banks, over $ 17 billion was offset by an increase
in money in circulation.
A fter the w ar a period of great bank credit ex­
pansion developed. In the six-year period from
the end of 1945, bank loans increased about $36
billion, which compares with a rise of approxim ate­
billion in deposits and currency.


This great expansion in bank credit, which was
continuous in half-year periods, except for the first
half of 1949, provoked great discussion over meas­
ures which might be taken by the Federal Reserve
to discourage further credit expansion. T h e central
issue became the support of government securities
at set values by Federal Reserve open-market pur­

Treasury9 Federal Reserve
Reached Accord in March 1951
T h e chief considerations involved in the debate
over the maintenance of governm ent security
prices by the Federal Reserve were, on the one
side, that the purchases incident thereto in a period
of full em ploym ent created a highly inflationary
credit base and, on the other, that a need existed
to maintain confidence in the governm ent credit
and that low borrowing rates are desirable.
T h e fast-moving events and announcements re­
garding open-market policies of the Federal R e­
serve System are well known. T h e first step toward
a change in policy was the announcement in
A ugust 1950 by Federal Reserve authorities that
they were prepared to use all available powers
to restrain further inflationary credit expansion
consistent with the policy of m aintaining orderly
conditions in the m arket for government securities.
F ollow in g this announcement, discount rates at
the Reserve banks were raised, but substantial F e d ­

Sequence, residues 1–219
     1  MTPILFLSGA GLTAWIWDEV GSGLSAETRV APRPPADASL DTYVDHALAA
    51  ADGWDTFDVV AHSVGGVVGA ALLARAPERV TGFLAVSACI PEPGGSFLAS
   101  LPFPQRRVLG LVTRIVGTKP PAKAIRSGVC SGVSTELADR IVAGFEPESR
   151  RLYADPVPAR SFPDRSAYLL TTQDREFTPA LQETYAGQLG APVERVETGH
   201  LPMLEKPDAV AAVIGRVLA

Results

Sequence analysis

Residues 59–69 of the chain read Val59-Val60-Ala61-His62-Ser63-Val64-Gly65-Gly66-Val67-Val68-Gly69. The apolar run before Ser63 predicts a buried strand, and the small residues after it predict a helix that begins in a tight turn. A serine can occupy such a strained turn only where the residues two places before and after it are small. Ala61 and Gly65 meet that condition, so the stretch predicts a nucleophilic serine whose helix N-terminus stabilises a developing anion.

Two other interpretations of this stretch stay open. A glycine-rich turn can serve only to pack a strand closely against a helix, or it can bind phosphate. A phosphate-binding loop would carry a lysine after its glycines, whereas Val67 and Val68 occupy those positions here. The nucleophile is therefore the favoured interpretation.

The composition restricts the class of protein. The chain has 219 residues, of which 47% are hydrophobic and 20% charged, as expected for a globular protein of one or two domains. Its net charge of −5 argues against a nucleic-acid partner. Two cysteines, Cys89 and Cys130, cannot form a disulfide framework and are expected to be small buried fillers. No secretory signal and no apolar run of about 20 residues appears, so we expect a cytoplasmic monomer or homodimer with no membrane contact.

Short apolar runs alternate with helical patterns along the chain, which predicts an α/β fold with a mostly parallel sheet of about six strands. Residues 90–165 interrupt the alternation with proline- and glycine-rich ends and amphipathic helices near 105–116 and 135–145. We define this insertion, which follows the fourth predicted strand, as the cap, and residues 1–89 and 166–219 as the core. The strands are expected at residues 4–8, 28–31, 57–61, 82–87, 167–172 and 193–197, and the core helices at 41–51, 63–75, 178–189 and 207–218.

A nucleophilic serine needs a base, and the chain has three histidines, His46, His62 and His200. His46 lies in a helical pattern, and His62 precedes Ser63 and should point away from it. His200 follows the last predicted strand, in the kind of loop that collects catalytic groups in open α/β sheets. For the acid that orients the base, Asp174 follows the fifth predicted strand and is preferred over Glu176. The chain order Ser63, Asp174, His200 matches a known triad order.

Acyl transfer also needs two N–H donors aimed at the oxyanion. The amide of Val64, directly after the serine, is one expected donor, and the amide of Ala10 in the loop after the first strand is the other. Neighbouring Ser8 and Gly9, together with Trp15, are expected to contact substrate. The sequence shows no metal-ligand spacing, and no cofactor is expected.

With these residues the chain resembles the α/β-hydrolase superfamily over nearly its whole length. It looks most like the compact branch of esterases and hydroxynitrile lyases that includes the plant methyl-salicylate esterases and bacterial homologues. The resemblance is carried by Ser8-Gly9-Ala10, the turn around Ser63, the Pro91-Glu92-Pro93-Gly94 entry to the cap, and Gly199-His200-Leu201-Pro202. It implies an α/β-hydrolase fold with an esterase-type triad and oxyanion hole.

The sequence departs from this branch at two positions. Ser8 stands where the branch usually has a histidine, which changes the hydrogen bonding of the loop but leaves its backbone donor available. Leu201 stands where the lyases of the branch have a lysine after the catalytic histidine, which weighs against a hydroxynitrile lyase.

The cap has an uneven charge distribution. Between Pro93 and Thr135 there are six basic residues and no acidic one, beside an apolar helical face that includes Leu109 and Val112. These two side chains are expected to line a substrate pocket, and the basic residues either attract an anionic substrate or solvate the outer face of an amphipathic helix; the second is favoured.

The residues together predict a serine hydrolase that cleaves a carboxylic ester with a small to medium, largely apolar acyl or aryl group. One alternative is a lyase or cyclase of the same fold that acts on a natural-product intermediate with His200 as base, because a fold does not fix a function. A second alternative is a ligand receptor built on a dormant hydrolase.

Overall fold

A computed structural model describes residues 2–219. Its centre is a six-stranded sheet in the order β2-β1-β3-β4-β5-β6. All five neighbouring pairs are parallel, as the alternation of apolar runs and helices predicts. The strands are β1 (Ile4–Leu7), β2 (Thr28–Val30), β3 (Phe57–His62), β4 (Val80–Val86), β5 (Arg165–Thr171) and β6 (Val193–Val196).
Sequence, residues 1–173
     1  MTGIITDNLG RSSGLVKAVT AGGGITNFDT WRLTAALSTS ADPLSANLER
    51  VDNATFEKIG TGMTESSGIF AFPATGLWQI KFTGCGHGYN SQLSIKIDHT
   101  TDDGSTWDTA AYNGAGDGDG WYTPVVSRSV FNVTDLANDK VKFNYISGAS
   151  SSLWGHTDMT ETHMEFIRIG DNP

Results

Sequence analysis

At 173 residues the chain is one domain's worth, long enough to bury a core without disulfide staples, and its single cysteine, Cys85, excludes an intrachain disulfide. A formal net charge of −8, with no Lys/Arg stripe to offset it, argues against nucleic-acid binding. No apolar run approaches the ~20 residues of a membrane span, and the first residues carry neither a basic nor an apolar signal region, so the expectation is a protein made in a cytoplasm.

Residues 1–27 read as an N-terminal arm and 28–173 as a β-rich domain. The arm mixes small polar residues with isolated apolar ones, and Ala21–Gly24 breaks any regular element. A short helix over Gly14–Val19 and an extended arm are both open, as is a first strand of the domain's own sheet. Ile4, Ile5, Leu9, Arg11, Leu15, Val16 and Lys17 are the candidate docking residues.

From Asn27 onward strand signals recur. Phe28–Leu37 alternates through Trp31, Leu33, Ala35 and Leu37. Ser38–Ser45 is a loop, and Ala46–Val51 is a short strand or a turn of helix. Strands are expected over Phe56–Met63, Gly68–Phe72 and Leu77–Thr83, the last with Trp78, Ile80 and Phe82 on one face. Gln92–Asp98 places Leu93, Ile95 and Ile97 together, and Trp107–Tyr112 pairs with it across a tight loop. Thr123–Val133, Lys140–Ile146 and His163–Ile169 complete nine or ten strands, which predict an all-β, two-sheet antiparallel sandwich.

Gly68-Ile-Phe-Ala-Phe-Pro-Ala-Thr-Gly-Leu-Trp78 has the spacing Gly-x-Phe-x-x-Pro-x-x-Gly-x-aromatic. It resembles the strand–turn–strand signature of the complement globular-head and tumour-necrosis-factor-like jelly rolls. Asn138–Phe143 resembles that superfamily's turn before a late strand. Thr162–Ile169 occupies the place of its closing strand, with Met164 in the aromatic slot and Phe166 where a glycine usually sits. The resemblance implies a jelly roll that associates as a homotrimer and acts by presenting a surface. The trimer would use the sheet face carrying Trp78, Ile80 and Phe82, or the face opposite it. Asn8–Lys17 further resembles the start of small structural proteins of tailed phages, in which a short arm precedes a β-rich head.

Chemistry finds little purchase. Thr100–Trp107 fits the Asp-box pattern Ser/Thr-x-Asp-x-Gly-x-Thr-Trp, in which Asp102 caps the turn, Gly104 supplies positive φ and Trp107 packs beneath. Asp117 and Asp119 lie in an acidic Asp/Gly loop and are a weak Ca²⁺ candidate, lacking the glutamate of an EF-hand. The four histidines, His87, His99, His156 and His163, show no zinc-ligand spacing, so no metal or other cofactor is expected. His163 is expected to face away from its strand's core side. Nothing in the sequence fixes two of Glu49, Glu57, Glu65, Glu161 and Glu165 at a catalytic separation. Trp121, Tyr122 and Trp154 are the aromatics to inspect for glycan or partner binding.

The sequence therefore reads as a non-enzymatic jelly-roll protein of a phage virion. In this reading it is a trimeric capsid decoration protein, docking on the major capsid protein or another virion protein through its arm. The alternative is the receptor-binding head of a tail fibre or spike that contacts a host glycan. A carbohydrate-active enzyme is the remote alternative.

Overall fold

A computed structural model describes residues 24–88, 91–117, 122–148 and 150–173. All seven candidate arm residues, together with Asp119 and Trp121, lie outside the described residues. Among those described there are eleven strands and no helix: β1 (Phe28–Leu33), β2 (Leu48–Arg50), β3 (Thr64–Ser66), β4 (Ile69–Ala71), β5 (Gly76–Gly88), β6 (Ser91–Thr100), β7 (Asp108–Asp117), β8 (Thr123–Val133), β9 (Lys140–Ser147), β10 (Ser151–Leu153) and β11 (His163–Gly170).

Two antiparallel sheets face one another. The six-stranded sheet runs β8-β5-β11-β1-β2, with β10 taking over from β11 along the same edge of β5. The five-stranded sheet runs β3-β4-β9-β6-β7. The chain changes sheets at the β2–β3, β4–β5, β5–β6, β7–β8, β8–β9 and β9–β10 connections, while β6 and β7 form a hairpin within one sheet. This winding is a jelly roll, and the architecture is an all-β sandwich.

eral Reserve purchases of governm ent securities
were made to support Treasury refunding oper­
ations and also the long-term bond market. N o n ­
bank investors, chiefly institutional investors, con­
tinued to sell bonds in large volume as a means
of obtaining funds to acquire higher-yielding
In this process, commercial bank deposits and
reserve balances rose to higher levels, intensifying
the already intense inflationary pressures caused
by the outbreak of m ilitary hostilities in June.

bank deposits, effective in January 1951, and higher
m argin requirements on trading in stocks were
In Jan uary and February 1951, events and an­
nouncements confirmed the intention of the F e d ­
eral Open M arket committee to change its policy
in support of governm ent securities under which
a great volum e of investor holdings of the federal
debt had been monetized.
On M arch 4, a historic announcement was made
by the T reasury and the Federal Reserve that they
had reached an accord with respect to debt m an­
agement and monetary policies which would assure
successful financing of the governm ent’s require­
ments and at the same time m inim ize further
monetization of the public debt.
Thereupon, market prices on governm ent bonds
declined to levels considerably below par, and
yields on short-term issues also rose to levels higher
than had prevailed for many years.

Monetary Policies of 1951
Had Anti-inflationary Results
One effect of the virtual cessation of Federal
Reserve purchases of governm ent bonds was that
institutional lenders were no longer able to mone­
tize their holdings by sale to the Federal Reserve
without causing a decline in the market prices of
governm ent securities.
T h at being the case, they were induced to adjust
new loans into closer balance with funds received
from new savings and repayments of old loans.
Since institutional investors could no longer con­
vert bonds into new money without penalty of
lower prices, commercial banks were no longer
the recipients of additional reserve balances, as
had been the case when the Federal Reserve bought
freely the bond holdings of those investors, or
those of the banks at set prices.

Under the Defense Production A ct of 1950, con­
sumer installment credit regulations were imposed
under Regulation W , and a new regulation cover­
ing credit in the real estate field, Regulation X ,
was instituted.

Th u s by the same stroke, the refusal to purchase
governm ent bonds from institutional holders so
freely was a refusal to create bank reserves so
freely— reserves on which additional commercial
bank loans might be based, and new money made
available for lending by institutional lenders.

Late in December, the Board of Governors an­
nounced higher reserve requirements 011 member

There was another aspect of the drop in govern­
ment bond prices (higher market yields) and the


is most likely to increase. If instead of allowing